Is there any difference in the voltage (potential difference wrt center) and current (rate of flow of electrons) distribution for a half wave dipole fed in the middle (dipole cut in the middle,) or fed with a gamma match (dipole one piece) ?


At the highest level, no. Current is still highest in the middle, and voltage highest at the ends. The radiation pattern is practically identical.

Looking more closely, there must be differences, otherwise it would be indistinguishable from a center-fed dipole. Part of the gamma match can be viewed as a shorted transmission line in parallel with the feedpoint. The currents on this transmission line can then be considered the superposition of the common mode and the differential mode. The common mode radiates as a dipole would. The differential mode does not.

See also What is a Gamma match in the context of the driven element of a Yagi antenna?

  • $\begingroup$ Hi again Phil. For a half wave dipole, the current at the ends is zero because it's an open circuit and the current has nowhere to go right ? Then for a half wave dipole that is cut in the center and has it's feed point between the two inner center ends, how can the current be at a maximum in the middle ? I don't get it. $\endgroup$ – Andrew Nov 6 '18 at 21:51
  • 2
    $\begingroup$ The dipole may be cut, but it's not an open circuit. For every electron that enters one conductor of the feedline, another electron exits the other conductor. So in fact the feedpoint doesn't impede current at all. $\endgroup$ – Phil Frost - W8II Nov 7 '18 at 0:20
  • $\begingroup$ The answer to the question in my comment above is that a center fed split dipole is series fed, meaning that the antenna is in series with the connected transmitter or receiver, and that the same current flows through each. $\endgroup$ – Andrew Nov 11 '20 at 19:23

The voltage at the feedpoint of a center-fed 50 ohm dipole driven by 100 watts is 70.7 volts RMS. If you gamma feed that same dipole, the voltage at the center is zero. At that center point in a gamma fed dipole, all of the RF energy existing at that point is in the magnetic field and zero in the electric field. At the tips of the dipole where the current is necessarily zero, all of the RF energy existing at those points is in the electric field.

These points, above, exist on a plane that is perpendicular to the dipole. The MOM (method of moments) equations indicate that the electric field, associated with voltage, on the plane drawn between the two (perfectly balanced) feedline wires at the center point of the balanced dipole will undergo complete destructive interference and therefore be zero at all points on that plane. The conservation of energy principle tells us that if there is zero electric energy at all points on that plane, then all of the existing EM energy has to be in the magnetic field associated with the current. Of course, at the center plane of the dipole, there is a time where the electric field is zero while the instantaneous magnetic field is zero indicating that any existing EM energy is located somewhere other than on that center plane.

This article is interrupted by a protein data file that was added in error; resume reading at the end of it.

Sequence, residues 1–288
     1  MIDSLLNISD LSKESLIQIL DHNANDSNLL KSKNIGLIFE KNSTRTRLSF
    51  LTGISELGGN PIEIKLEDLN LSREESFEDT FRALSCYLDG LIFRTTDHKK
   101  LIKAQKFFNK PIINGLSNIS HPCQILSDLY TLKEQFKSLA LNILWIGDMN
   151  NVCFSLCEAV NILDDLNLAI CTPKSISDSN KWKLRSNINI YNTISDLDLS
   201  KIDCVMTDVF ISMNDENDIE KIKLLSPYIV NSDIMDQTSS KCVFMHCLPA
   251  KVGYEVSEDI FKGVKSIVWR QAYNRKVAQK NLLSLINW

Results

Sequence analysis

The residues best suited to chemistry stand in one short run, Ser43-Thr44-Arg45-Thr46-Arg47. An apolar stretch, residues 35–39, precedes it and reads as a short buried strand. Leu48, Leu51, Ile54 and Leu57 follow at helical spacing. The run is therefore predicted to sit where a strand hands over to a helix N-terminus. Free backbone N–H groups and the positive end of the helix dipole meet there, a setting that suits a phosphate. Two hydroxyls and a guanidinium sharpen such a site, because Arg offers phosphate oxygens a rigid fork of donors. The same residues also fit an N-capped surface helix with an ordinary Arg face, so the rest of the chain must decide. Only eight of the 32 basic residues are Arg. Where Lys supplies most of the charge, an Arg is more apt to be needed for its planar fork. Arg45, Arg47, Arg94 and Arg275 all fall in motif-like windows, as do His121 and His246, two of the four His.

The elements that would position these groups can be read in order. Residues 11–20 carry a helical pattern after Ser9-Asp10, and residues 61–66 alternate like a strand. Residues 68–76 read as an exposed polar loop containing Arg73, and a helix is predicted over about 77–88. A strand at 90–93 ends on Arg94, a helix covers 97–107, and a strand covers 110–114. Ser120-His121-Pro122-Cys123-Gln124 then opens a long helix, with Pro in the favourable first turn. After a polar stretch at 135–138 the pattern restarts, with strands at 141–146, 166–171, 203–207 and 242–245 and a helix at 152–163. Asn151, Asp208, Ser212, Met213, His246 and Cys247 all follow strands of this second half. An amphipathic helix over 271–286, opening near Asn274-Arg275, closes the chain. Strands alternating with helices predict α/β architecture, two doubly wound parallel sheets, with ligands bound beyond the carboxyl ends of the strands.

On the animation in "How can the voltage at the center of a resonant half wave dipole be zero if the input impedance is 75 ohms?", one can see that there are times when the voltage is zero all along the dipole and times when the current is zero all along the dipole. When the voltage is zero, the E-field is zero and all of the EM energy is in the H-field. When the current is zero, the H-field is zero and all of the EM energy is in the E-field.

Note that, unlike voltage and current where we use the dot product for power, when we are dealing with E and H fields, the power is proportional to the cross product, so either E or H can be zero and power (energy) still exist.

Note that the feedpoint of a center-fed dipole is not a point - it is two points with a space (insulator) in between the two points. Ideally, at the point at the center of the insulator, the electric field is zero just as it is with a gamma feed. Since the voltage is proportional to the electric field, the voltage would also be zero as it is with a gamma feed. If the dipole is fed with coax and no balun at the feedpoint, this ideal situation probably will not exist.

To answer the question: There is negligible difference in the radiation patterns between a properly center-fed dipole and a properly gamma-fed dipole.

  • $\begingroup$ As the electromagnetic fields exist in all the space around the antenna, how does it make sense to say all the energy is in one field or another at a particular point? The energy is in the field itself, like a stretched spring. It doesn't exist at any particular point. $\endgroup$ – Phil Frost - W8II Nov 13 '18 at 13:24
  • $\begingroup$ When I said "all the energy" I am talking in the context of all the electromagnetic energy existing at the point about which I am talking. I didn't mean all the energy in the entire system and I should have made that clear. Thanks for the input. $\endgroup$ – Cecil - W5DXP Nov 14 '18 at 18:53

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